Phillip Oberdorfer | April 9, 2015

Stirling engines, or heat pumps, are systems that are able to work on incredibly low temperature differences. In fact, some types of Stirling engines only need human body heat in order to operate. Here, we explore the dynamics of this interesting machine that you can build at home and demonstrate how to model it using COMSOL Multiphysics.

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Annette Meiners | April 8, 2015

In a previous blog post, we introduced readers to different kinds of electron energy distribution functions (EEDFs) and their importance in plasma modeling. Today, we focus our attention on the Boltzmann Equation, Two-Term Approximation interface, demonstrating its use with an example from our Model Library.

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Fabrice Schlegel | April 7, 2015

Today, we compare the Boussinesq approximation to the full Navier-Stokes equations for a natural convection problem. We also show you how to implement the Boussinesq approximation in COMSOL Multiphysics software and discuss potential benefits of doing so.

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Bridget Cunningham | April 6, 2015

When an earthquake strikes, the force from its seismic waves can weaken the stability of buildings. By implementing seismic control measures, designers can enhance the flexibility of such structures as well as strengthen their safety levels. See how one research team used COMSOL Multiphysics to study the impact of base isolation systems and explore approaches to optimizing their performance.

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Brianne Costa | April 3, 2015

As the burning of fossil fuels becomes a more pressing issue, manufacturers are introducing more fuel efficient cars to the market. One main contributor to fuel burn is the car’s aerodynamic drag. Complexly shaped, cars are very challenging to model and it’s difficult to quantify the aerodynamic drag computationally. The Ahmed body is a benchmark model widely used in the automotive industry for validating simulation tools. The Ahmed body shape is simple enough to model, while maintaining car-like geometry features.

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Bridget Cunningham | April 2, 2015

In this blog post, we investigate syngas combustion in a round-jet burner using the Reacting Flow interface and the Heat Transfer in Solids interface. The results from this benchmark model are compared to experimental findings.

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Chien Liu | April 1, 2015

Over half a century ago, Mark Kac gave an interesting lecture on a question that he had heard from Professor Bochner ten years earlier: “Can one hear the shape of a drum?” He focused on the (then undetermined) uniqueness of the set of eigenvalues given the shape of a vibrating membrane. The eigenvalue problem has since been solved and here we explore the “hearing” part of the question by considering some interesting physical effects.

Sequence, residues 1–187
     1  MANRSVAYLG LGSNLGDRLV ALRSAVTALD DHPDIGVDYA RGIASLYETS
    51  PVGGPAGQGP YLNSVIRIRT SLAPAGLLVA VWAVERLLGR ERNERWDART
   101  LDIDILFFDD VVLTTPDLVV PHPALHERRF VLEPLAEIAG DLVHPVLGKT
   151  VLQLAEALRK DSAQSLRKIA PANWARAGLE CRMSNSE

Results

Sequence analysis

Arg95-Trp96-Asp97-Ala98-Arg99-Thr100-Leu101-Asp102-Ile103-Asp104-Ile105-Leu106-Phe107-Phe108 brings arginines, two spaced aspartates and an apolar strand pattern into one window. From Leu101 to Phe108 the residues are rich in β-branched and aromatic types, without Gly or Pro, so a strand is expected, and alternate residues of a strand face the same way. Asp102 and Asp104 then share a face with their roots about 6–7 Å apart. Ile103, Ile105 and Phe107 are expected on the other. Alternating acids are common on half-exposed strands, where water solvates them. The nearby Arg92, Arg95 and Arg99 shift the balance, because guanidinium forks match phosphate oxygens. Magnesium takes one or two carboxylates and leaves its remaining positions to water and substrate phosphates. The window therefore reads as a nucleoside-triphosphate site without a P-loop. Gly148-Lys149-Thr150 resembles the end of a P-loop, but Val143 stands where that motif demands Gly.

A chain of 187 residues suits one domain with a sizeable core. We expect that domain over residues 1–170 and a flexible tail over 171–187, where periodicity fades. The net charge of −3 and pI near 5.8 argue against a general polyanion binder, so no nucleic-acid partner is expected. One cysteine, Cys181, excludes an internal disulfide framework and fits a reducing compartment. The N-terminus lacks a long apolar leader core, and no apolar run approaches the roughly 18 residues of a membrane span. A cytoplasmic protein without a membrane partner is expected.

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Bridget Cunningham | March 31, 2015

Commonly used in the automotive industry, snap hooks are a type of fastener that involve the insertion of a hook into a slot. When designing snap hooks, it is important to analyze the forces required for the insertion of the hook as well as its removal. We can address this through simulation.

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Caty Fairclough | March 30, 2015

Lightweight and portable washing machines are great to use in situations where you do not have access to traditional washing machines. Yet problems may occur when a varied distribution of clothing causes walking instability in these machines. We tested for walking instability during the spin cycle of a portable washing machine and used an active balancing method in an attempt to remove this instability.

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Walter Frei | March 27, 2015

Often, the most tedious step of finite element modeling is subdividing your CAD geometry into a finite element mesh. This step, usually just called meshing, can sometimes be fully automated. More often, however, the careful finite element analyst will want to semi-manually create their meshes. Although this does require more work, sometimes there are significant advantages in doing so. In this blog entry, we will look at one of the key manual meshing techniques: the concept of geometric partitioning.

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Caty Fairclough | March 25, 2015

The Vivaldi antenna, also known as the tapered slot antenna (TSA), is an ideal antenna for wide-band applications. It stands out due to its uncomplicated structure, simple manufacturing requirements, and high gain. When working on a Vivaldi antenna design, we can use simulation software to evaluate its far-field pattern and impedance.

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